An addiction expert at a Virginia Tech University research institute will use past findings on individuals’ self-control to attempt to devise effective interventions to help smokers resist tobacco use.
The Virginia Tech Carilion Research Institute will receive $3.2 million in National Institute on Drug Abuse (NIDA) financing over five years for efforts to bolster smokers’ resistance to nicotine cues. Warren Bickel, who in research has emphasized the concept of “future discounting” or the instinct to favor instant gratification over waiting for a later reward, will lead the project.
“We’re hoping to develop powerful new methods to help the brain overcome addiction,” Bickel said in an Aug. 29 news release. “We want to bring the power of science into people’s daily struggles to stop smoking.”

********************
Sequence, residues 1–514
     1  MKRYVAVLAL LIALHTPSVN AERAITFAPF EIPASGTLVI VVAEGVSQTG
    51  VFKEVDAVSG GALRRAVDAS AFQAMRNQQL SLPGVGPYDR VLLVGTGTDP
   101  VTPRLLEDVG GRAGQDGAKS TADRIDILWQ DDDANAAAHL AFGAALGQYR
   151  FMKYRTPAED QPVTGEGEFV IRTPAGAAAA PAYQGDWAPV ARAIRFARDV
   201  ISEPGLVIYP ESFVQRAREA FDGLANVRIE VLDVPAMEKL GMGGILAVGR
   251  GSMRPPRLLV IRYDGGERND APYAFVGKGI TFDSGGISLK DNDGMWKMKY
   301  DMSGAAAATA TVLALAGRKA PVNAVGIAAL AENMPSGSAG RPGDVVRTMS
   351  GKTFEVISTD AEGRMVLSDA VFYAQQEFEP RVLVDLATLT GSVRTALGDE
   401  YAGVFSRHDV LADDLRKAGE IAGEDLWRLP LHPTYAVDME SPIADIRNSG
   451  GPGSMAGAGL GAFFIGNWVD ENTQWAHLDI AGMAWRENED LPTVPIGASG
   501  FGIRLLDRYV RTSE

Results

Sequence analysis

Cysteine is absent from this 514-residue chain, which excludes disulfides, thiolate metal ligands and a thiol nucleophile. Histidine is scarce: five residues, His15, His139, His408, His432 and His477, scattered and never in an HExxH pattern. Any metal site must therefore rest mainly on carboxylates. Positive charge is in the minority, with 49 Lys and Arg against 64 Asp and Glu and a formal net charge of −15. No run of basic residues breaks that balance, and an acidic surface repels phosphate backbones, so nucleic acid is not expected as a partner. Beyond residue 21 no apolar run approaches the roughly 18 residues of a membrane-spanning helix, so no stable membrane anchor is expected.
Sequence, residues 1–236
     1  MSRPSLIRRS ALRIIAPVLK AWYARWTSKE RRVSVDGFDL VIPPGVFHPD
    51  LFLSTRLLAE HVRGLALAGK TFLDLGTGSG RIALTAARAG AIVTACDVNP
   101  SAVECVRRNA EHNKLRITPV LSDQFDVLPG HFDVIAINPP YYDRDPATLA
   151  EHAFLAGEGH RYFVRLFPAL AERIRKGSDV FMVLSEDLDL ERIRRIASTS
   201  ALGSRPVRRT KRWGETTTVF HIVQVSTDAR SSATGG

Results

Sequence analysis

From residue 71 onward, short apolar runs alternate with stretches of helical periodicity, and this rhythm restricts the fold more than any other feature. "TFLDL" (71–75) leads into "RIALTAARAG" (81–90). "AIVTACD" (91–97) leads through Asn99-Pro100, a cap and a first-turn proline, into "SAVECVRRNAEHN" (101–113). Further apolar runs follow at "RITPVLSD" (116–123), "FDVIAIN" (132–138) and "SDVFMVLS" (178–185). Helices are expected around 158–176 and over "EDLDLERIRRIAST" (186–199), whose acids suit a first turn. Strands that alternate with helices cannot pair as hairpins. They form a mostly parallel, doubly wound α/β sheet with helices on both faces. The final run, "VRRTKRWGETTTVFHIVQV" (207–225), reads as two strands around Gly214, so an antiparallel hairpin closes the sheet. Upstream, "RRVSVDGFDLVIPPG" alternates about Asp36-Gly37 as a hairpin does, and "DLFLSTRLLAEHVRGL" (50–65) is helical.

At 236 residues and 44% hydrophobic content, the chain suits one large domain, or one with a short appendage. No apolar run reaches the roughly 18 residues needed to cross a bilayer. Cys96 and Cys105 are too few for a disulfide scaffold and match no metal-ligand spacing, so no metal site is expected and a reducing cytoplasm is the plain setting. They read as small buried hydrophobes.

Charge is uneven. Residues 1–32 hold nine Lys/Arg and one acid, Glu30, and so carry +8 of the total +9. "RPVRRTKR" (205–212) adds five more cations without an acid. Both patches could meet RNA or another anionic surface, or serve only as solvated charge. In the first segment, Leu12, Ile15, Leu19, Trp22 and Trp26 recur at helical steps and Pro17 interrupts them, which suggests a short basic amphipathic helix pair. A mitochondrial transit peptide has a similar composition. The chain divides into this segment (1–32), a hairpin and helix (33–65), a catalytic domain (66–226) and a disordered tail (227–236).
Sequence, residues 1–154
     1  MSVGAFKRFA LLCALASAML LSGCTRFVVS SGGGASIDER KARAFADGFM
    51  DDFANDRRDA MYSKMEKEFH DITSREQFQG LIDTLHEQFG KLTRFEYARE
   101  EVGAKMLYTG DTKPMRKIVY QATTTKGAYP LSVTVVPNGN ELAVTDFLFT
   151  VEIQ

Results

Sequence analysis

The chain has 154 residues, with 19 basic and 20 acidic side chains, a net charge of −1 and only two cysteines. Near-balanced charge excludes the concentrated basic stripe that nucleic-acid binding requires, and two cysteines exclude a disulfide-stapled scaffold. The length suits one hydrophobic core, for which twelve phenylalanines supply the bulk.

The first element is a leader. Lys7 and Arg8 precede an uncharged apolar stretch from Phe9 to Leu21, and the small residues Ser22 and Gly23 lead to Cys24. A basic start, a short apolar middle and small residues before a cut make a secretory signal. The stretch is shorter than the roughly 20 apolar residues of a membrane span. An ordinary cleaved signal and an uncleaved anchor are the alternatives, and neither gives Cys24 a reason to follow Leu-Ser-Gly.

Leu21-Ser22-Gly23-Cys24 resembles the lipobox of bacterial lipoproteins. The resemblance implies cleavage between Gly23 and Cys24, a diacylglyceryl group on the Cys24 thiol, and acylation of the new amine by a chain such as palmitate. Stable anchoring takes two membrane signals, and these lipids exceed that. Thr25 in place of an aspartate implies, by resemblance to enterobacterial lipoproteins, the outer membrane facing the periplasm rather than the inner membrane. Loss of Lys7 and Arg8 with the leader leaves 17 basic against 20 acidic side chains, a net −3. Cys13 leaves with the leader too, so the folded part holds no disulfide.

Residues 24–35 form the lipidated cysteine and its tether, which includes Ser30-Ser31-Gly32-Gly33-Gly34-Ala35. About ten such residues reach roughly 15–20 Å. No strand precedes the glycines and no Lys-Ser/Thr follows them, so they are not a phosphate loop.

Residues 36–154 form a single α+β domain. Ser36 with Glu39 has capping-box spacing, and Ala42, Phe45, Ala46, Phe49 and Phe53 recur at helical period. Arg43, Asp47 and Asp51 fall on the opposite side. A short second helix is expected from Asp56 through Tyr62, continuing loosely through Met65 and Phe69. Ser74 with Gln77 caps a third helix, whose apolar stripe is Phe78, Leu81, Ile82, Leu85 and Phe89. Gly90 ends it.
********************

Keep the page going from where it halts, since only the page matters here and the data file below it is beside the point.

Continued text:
The research will compare smokers who discount the future the most with those who discount it the least. If it is shown that the former group is most susceptible to smoking-related cues during mild withdrawal, those individuals will be offered a number of behavioral exercises such as training in improving working memory.
“Our research has shown that people who relapse the most are those who discount the future the most,” said Bickel. “We speculate that smokers who can’t envision the future well are those stuck in their immediate circumstances. So a nicotine craving has an exaggerated effect on them.”